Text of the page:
Jason and Nathan sat down and answered some of the plant problems testing our community in a fun Instagram Live video. We love any opportunity to share our knowledge, as we ourselves have learnt so much from others.
Q. Why are leaves on my plant turning yellow and dropping?
A. At this time of year, the most common cause of this is simply the change in season - your plant is adjusting to the cold, just like we are. You will notice this more in the bottom leaves of the plant and there is no need to worry - come spring time, it'll perk right up!
Overwatering and underwatering are also common reasons for your plant's leaves turning and dropping. Be sure to not only visually inspect, but to feel the moisture level of the soil before watering. The general rule of thumb is to keep the soil moist, but not wet, ensuring it dries out between watering - making sure there is sufficient drainage. Over winter you can slow down your watering routine a little more to stretch it out to 10 -14 days for some plants.
Q. Is it a good time to repot my plants?
A. The short answer is, no. With a lot of our common houseplants being tropical in nature, winter is not the best time to repot. Many will go into a state of dormancy with slower growth and this is not ideal conditions for repotting, it will likely cause them some unnecessary stress.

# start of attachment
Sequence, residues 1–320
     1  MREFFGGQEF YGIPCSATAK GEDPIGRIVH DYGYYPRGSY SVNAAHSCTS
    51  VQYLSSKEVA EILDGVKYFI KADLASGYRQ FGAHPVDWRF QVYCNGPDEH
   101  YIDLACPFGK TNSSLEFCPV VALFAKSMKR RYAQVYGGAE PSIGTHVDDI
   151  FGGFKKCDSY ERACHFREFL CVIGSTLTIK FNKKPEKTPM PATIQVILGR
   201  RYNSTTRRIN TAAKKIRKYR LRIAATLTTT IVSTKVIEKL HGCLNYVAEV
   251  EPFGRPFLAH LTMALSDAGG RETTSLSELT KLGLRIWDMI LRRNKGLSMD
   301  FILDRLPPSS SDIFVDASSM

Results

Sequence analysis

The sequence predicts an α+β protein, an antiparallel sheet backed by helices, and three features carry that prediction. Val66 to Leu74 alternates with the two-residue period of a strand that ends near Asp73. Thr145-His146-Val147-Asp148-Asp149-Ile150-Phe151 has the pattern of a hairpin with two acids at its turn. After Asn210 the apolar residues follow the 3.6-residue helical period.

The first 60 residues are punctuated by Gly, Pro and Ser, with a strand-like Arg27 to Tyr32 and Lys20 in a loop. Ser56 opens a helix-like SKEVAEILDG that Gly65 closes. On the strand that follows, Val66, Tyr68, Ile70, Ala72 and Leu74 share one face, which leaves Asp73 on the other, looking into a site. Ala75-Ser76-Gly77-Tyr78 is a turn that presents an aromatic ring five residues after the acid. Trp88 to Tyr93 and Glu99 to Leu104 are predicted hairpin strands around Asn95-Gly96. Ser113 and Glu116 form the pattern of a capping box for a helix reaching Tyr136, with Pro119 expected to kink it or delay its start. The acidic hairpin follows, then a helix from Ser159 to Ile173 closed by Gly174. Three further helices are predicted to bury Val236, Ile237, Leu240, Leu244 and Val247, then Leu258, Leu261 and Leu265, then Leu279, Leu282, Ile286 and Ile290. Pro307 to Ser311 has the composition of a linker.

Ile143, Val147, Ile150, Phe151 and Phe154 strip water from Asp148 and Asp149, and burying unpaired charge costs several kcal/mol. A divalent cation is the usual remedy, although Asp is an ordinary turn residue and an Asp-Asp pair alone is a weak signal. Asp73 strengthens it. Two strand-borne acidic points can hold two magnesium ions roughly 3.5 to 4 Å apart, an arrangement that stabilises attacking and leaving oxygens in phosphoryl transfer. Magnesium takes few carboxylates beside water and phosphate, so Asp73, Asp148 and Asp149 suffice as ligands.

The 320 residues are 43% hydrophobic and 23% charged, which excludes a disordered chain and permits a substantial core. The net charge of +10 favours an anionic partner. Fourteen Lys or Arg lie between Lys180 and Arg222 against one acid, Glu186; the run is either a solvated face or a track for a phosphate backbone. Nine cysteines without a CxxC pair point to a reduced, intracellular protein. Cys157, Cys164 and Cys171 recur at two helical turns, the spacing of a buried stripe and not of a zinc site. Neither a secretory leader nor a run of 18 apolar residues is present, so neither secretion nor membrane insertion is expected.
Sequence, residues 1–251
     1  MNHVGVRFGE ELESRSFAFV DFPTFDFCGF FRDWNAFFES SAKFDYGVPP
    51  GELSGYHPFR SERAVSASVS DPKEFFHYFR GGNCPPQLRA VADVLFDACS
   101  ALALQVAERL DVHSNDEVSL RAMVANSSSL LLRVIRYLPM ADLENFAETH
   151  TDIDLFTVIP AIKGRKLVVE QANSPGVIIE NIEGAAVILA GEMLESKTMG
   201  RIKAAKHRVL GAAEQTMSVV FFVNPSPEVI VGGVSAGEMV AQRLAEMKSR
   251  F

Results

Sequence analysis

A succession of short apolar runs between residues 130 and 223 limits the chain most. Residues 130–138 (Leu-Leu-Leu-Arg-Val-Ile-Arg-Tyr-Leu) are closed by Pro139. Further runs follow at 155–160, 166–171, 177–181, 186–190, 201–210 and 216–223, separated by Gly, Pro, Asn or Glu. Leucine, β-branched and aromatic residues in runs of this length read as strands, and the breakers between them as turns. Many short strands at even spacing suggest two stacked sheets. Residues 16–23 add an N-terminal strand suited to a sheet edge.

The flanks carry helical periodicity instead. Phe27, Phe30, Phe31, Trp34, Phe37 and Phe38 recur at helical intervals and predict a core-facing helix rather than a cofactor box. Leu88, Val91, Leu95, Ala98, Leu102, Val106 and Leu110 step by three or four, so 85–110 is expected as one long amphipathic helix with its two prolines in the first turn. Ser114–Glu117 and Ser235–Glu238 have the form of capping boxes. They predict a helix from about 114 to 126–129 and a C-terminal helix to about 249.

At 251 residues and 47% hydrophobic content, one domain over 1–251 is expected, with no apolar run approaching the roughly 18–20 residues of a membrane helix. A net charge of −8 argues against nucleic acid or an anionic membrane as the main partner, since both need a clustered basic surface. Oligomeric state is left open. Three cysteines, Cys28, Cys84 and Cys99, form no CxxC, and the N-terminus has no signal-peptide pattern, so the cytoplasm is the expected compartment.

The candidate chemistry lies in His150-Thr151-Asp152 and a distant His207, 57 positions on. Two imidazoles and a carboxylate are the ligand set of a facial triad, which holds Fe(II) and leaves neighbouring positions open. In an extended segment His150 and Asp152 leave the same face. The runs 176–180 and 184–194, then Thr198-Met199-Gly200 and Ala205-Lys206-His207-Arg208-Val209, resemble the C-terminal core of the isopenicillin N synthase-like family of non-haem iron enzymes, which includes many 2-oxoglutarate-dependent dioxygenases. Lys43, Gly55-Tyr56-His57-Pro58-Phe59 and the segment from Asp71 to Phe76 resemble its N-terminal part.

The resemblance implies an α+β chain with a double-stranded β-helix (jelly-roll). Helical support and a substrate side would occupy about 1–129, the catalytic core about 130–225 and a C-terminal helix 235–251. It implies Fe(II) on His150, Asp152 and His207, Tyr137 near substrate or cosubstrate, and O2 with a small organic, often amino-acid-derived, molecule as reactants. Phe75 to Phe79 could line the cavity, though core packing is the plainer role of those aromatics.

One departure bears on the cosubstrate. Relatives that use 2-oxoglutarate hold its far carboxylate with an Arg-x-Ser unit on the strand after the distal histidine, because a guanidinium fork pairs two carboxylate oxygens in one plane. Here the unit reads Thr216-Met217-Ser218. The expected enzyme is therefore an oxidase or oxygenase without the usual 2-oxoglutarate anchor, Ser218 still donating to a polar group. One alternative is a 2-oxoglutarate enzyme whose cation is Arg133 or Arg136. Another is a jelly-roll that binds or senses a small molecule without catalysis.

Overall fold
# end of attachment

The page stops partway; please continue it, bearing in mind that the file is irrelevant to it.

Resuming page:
There are some hardier plants that will cope with a repot, like Devils Ivy or Zanzibar Gems, but the best thing to do will be to wait for spring time, when the air and soil are warmer and your plants are bursting to grow!
The same goes for propagating, unless you have a greenhouse or propagation box set up, wait until spring time to take cuttings of your prized plants, you will have a much better strike rate when its warmer. If you are taking cuttings now, for plants that can be water propagated, use this method over winter to root them.
Q. Should I be rotating my plants around the house?
A. Absolutely! There are many benefits to doing this and there's always a little bit of fun in it too. With winter setting in, moving your plants into areas of the house that catch the extra sunshine is important. Rotate your plants into north facing windows, where they will get 6-8 hours of natural light and can soak up some extra rays.
Moving your plants around the your space is also a great way to simply change up the aesthetic and when many of us are spending more time at home, its nice to be able to appreciate a plant in a new light.
Q. The leaves on my plants are drying out and browning on the edges - what's wrong?
A. Browning leaf-tips are quite natural and something to not overly worry about. The important thing to remember is that we are taking plants out of their natural environments and bringing them inside into a completely different climate.
You commonly see this browning on tropical plants indoors like calathea and palms and there are a few things you can do to help mitigate this.
- Keep your plants out of direct line of air-conditioning and heating, this dries out the air and your plants.
- Create humidity in the air by clustering your plants together or by placing small bowls or saucers of waters around your plants.
- Overwatering your plants can again cause your leaves to brown, so make sure to adjust your watering to suit the season.